Social sciences perspectives: How to categorize invasive alien species?
In her study, Menozzi (2010) analyzed scientific papers and papers for the general public on Ludwigia peploides and L. grandiflora (Onagraceae, EPPO List of IAP) in France. She found that scientific papers seek to characterize biological invasions by producing definitions and criteria whereas papers for the general public aim to describe the proliferation of a plant considered as noxious in a given territory. In both cases, uncertainties in the categorization of these species could be noted.
Interviews with residents (farmers, fishermen, canoe hire staff, mayors) revealed that they themselves recognize the species as invading the territory. The species was considered problematic once it perturbed activities such as fishing, hunting, and boating.
The author considered that among scientists, the consideration of negative impacts on the environment to define a biological invasion is controversial as some consider it as too subjective. The majority of the scientific community considers only exotic species to be invasive species but this criterion might still be controversial. The distinction between native and exotic was not made by the general public who considered that as long as the species is present on the territory, it is a local one. For the residents, a classification “useful/noxious” was more relevant than one based on the origin of the plant. Considering the terms used by scientists, managers, the press and the general public to talk about these species, it was observed that a military vocabulary was used (eradication, war, etc.).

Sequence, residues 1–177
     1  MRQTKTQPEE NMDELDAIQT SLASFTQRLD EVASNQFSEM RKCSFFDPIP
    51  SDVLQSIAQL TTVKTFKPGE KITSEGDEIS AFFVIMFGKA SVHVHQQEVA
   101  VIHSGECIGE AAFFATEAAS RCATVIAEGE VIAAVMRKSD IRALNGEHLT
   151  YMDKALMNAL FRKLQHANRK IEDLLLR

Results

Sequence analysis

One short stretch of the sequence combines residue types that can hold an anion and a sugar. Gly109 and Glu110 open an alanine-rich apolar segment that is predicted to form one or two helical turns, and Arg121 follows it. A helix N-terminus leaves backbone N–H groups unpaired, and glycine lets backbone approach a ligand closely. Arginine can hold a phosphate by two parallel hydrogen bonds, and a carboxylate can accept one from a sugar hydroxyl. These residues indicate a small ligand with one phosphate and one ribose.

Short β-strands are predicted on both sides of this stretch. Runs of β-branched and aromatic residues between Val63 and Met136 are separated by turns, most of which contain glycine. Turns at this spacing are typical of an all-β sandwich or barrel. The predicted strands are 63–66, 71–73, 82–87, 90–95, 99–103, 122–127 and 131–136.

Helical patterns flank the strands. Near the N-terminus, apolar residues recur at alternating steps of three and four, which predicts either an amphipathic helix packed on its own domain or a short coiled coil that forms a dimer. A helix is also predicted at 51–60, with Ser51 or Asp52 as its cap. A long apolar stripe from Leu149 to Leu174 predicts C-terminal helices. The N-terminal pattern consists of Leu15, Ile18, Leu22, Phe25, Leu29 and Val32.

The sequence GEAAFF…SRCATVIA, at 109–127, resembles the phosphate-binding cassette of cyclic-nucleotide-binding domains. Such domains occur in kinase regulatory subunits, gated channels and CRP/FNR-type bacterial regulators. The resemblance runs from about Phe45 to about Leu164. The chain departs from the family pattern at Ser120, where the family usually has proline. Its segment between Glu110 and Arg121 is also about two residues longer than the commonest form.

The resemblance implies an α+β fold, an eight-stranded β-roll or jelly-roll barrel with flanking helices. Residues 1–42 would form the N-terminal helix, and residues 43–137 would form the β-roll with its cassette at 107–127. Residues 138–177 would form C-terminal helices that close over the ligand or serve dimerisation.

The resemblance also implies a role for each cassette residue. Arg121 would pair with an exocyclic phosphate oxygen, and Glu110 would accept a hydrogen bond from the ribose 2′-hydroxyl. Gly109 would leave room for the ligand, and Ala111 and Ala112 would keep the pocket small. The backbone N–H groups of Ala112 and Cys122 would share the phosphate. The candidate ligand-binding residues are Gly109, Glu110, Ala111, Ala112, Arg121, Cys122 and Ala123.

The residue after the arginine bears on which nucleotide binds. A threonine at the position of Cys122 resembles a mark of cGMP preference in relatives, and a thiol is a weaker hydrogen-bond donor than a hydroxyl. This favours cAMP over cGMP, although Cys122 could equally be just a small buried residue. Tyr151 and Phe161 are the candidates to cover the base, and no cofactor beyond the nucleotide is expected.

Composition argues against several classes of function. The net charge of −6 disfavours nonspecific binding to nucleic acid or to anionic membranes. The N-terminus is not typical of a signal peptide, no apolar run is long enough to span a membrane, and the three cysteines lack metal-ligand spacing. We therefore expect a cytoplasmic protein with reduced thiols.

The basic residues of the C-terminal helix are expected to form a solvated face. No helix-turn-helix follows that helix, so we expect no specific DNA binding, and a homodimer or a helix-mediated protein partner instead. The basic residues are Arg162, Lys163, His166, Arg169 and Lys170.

The author concluded that although social sciences researchers may consider the xenophobic dimension in the biological invasions discourses, the behaviors towards invasive species are rather pragmatic as these species are suppressed because they create nuisances.
Menozzi MJ (2010) Comment catégoriser les espèces exotiques envahissantes. Etudes rurales 185, 51-66.